Local colleges finishing semester online
WVU-P postpones spring commencement
PARKERSBURG — Local colleges are moving coursework online for the rest of the semester as some are starting to formulate plans on how to handle spring commencement.
Officials from West Virginia University at Parkersburg, Ohio Valley University, Marietta College and Washington State Community College are making plans to handle class work for the rest of this semester in reaction to the COVID-19 pandemic and the need to maintain social distancing to keep the students as safe as possible, officials said.
West Virginia University at Parkersburg will continue with online classes for the rest of the semester, college officials said Tuesday.
Officials are monitoring the situation, according to a press release from WVU-P.
WVU-P President Chris Gilmer, in an e-mail sent to the campus community, said he has had to accept the reality the university will not be able to hold the May 2020 commencement.
”I am officially announcing that it has been postponed,” he said. ”I have waited longer than most college presidents to make this decision because I realize, based on feedback from our students and my own experience, that commencement is the most important and cherished time of the year for our graduates and their families.”
Gilmer said a virtual commencement was considered which would have allowed the university to celebrate at the usual time, but was judged to be an insufficient way for the university to fully mark the accomplishments of students.
He still wants to be able to do a live graduation toward the end of summer so students and their families could celebrate those accomplishments.
”WVU Parkersburg’s Spring 2020 Commencement is being postponed until Saturday, Aug. 8, 2020,” Gilmer said. ”At present, nothing except the date will change.
”The postponed ceremony will be designed to be a moment of even greater celebration for our graduates and their families. Please hold the date Aug. 8 for our postponed spring commencement.”
The university had originally planned to return to face-to-face instruction on April 20. However, based on the extended national social distancing policy, that goal can no longer be met until May 4 at the earliest, Gilmer said.
”We will currently hope to resume face-to-face instruction for one or two weeks in early May so that our labs and more hands-on programs can finish the semester with fuller teaching and learning options,” Gilmer said.” If the social distancing guidelines are extended, we will revise our plans and make further announcements.
”Regardless, we expect to finish this semester’s academic instruction in one format or another and to proceed fully with summer and fall instruction.”
Officials with Ohio Valley University posted on its website that the Higher Learning Commission has granted permission for the university to conduct all of their courses online for the remainder of the semester.
”This means you will need to be extremely proactive through this transition in the way you engage in each course,” the post told students.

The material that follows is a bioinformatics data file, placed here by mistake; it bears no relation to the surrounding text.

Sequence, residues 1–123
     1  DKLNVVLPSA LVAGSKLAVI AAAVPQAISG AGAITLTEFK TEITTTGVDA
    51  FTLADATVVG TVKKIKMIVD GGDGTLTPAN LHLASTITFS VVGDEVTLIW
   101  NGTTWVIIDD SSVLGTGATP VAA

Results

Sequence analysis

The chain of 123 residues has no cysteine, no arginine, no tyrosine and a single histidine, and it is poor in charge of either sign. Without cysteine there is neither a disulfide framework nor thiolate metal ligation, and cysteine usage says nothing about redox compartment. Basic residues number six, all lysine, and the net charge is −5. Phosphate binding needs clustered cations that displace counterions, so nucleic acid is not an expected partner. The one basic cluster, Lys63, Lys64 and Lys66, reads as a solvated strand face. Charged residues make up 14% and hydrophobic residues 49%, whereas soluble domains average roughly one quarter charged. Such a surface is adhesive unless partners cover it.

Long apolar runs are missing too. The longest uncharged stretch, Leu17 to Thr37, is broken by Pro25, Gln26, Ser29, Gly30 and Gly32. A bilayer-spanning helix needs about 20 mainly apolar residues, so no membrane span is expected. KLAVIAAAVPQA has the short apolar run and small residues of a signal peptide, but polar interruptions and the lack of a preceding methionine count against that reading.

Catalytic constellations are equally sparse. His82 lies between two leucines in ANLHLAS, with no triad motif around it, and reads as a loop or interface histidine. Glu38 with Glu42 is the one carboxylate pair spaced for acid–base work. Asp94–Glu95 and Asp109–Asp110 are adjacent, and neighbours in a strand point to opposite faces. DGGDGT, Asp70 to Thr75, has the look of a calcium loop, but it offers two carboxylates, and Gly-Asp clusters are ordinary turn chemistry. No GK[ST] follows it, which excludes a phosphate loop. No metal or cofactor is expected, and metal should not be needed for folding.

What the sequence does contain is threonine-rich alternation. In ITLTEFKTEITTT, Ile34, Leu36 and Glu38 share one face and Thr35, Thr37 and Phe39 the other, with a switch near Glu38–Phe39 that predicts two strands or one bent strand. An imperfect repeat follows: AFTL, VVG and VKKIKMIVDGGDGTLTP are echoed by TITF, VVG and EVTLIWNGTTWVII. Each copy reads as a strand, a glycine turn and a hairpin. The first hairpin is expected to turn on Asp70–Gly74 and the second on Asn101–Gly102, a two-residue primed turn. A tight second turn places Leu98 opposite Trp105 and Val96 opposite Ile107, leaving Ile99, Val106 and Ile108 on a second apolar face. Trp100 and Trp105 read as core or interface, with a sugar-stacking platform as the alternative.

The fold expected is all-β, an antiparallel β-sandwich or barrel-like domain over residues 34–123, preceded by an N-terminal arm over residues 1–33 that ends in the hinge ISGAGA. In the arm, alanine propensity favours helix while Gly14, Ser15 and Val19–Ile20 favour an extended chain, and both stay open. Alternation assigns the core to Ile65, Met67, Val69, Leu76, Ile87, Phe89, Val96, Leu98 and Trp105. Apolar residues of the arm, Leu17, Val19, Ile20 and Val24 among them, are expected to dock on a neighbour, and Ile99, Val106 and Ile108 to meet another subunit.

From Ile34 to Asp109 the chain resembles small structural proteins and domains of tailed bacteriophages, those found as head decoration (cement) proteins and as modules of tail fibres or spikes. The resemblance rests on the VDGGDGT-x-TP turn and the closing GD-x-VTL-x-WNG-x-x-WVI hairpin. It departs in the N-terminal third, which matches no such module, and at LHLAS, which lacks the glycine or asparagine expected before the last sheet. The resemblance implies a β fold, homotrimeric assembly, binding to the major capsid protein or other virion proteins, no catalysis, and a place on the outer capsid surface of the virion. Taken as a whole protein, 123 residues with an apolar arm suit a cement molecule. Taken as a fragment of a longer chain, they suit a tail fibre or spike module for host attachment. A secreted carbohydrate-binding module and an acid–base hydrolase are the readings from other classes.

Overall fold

All planned activities on campus are either canceled or postponed for the remainder of the semester. Cancellations include Expressions, New Day Conference and the Spring Musical. Encounter is being postponed.
”Graduation is not being canceled, but commencement exercises will be postponed to a later date,” the post said. ”Graduates will receive their diplomas as coursework is completed at the end of the semester.”
Marietta College also is continuing online coursework and will conduct a virtual commencement on May 3, according to a post on the college’s website.
The college will hold the virtual ceremony so students’ achievements are still recognized. Later in the summer, the college will mail each graduate their diploma.
”However, President Bill Ruud understands that this milestone must also include an on-campus ceremony,” the post said. ”The college is still working out the details, but there will be a traditional commencement scheduled at a later date.”
Classes are continuing online at Washington State Community College.
Officials had originally planned to resume on-campus classes next week. However, as social distancing recommendations have been extended to the end of April, most class work has moved online. Including College Credit Plus sections for dual enrollment students, 380 courses were moved to a virtual format.
Faculty devised videos and utilized technology in other ways to teach and supply students with needed data to complete coursework as stay-at-home orders were initiated.
“Each faculty member rose to the challenge and devised plans to ensure their students could still learn. The challenge they were presented with was enormous, yet when classes were back in session the following week, they were ready,” said Vicky Wood, president of WSCC. ”We used best practices to quickly devise a plan to keep our students on track to finish their courses this semester and in many cases, complete their degrees.”
The spring commencement will be postponed, said Washington State Marketing Director Elizabeth Godfrey.
Washington State officials will meet today to discuss plans for how to proceed with graduation and other celebratory events, she said.
An announcement is expected to be made soon to the community on what those plans will entail.